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Rebecca Wright returns from US to join TVNZ 1’s Sunday

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In her time as US correspondent, Rebecca Wright has covered stories that run the gamut from heartbreaking to bizarre. 

Meeting the ‘Trumpettes’ – a group of women who are wealthy Donald Trump supporters – certainly falls into the latter category. 

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Rebecca Wright says she has loved her time in New York as TVNZ's US correspondent but “my life, my home, my heart is in New Zealand".

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Rebecca Wright says she has loved her time in New York as TVNZ’s US correspondent but “my life, my home, my heart is in New Zealand”.

“It’s definitely my most memorable. It’s probably my most funny. It’s certainly my most unusual,” says Wright, who has returned home to New Zealand to work on the current affairs programme Sunday.

“Getting access to Mar-a-Lago and the winter White House and just looking at their world, getting to walk in it for a little while with them – although not in the nine-inch stilettos for me, anyway – that was a phenomenal few days. It was mind bending. It was fascinating.”

As well as luncheoning with women “dripping in diamonds”, Wright also visited with Toni Holt Kramer, an ardent admirer of the President whose pet poodle shares its name with Stormy Daniels – the woman with whom Trump allegedly had a liaison.

It was an engrossing, exhilarating encounter that mirrors the reporter’s whirlwind experience in the US these past three years. 

“It has been non stop for me in this role,” says Wright. “There are just so many things that I’ve had to get up to speed with really quickly. The Supreme Court immigration issues, abortion reform, women’s reproductive rights, you know, all of these big issues that America is confronting right now.

“Many of them have made me kind of think about those things for myself, things that I never thought that I would consider really because we’re from New Zealand. 

“It’s been like cramming for an exam over and over and over again. But it’s been fascinating. I love politics. I studied politics. I worked in the gallery in Wellington for a while. It’s always been a feature of my reporting somehow. And so it’s been fascinating for me and an education too.”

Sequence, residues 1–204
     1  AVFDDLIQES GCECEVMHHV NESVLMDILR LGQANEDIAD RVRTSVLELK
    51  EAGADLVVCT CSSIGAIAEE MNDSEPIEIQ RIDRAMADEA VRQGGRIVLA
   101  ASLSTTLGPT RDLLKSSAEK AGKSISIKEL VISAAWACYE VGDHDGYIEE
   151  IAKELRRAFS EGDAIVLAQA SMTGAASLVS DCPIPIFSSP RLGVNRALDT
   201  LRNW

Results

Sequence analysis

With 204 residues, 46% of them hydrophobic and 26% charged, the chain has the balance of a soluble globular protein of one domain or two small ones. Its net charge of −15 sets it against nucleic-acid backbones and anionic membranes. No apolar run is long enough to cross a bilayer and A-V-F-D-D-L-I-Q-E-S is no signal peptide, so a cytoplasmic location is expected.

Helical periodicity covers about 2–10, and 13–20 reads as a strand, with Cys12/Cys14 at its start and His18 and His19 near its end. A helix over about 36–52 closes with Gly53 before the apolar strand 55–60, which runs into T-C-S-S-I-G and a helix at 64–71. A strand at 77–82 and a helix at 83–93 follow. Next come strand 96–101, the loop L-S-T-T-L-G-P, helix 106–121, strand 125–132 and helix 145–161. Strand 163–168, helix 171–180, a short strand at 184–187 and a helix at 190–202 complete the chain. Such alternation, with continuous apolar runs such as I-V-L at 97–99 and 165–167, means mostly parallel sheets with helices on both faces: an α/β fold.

Wright says Trump’s “polarising presidency” has seen America almost split down the middle about the politics of Donald Trump. “So it’s a country in conflict. It’s a country in political crisis.”

Wright arrived in the US just as the President was sworn in and she leaves as he is acquitted of impeachment. 

“I think I can honestly say it’s just been a very wild ride from the moment I started.”

During her time in the US, she has covered a variety of subjects – from politics to entertainment. But the hardest story to tell was covering the Las Vegas shooting in which 58 people were killed. 

Wright says the experience – her first covering a mass shooting – was “such a haunting time as a reporter, as a person, as a human being”.

“I was amazed at the kind of resilience and the grace that the families of the people who were killed there showed within those few days afterwards.”

The 38 year old says that seeing the broken window of the Mandalay Bay hotel where the shooter had targeted his victims and standing “in a crime scene for three days” was “chilling”.

“It is something that will never leave me.”

In her time as TVNZ's US correspondent, Rebecca Wright visited Mar-a-Lago to meet with Donald Trump's female fan club, the Trumpettes.

In her time as TVNZ’s US correspondent, Rebecca Wright visited Mar-a-Lago to meet with Donald Trump’s female fan club, the Trumpettes.

Wright, who has contributed stories to Sunday from the United States, is looking forward to being a part of a team again. 

“That’s one of the things that excites me most about it because I’ve been working remotely across two time zones for three years.”

She says she and her family – partner Cam and daughter Scarlett – have “loved every minute” of their time in New York.

“There’s all those other kinds of moments that make you stop in your tracks. Like, I saw Yoko Ono this morning. She lives a few blocks from us.

“I’ve seen Seinfeld before, he was in the supermarket wearing these crazy glasses. So, you know, there are just those little moments that sneak up on you and surprise you and you feel like you’re sort of living in the centre of the universe. I’ve never got sick of that. It’s never become old or tired to me.

“But I’ve always looked at my time here as an adventure for our family. We never wanted to live here (New York) permanently. 

“My life, my home, my heart is in New Zealand and our families are there. That’s where I want Scarlett to grow up. 

“But we’ve had an amazing time here and an amazing adventure and I think we will all take a little bit of New York with us.” 

Sunday, TVNZ 1, Sundays

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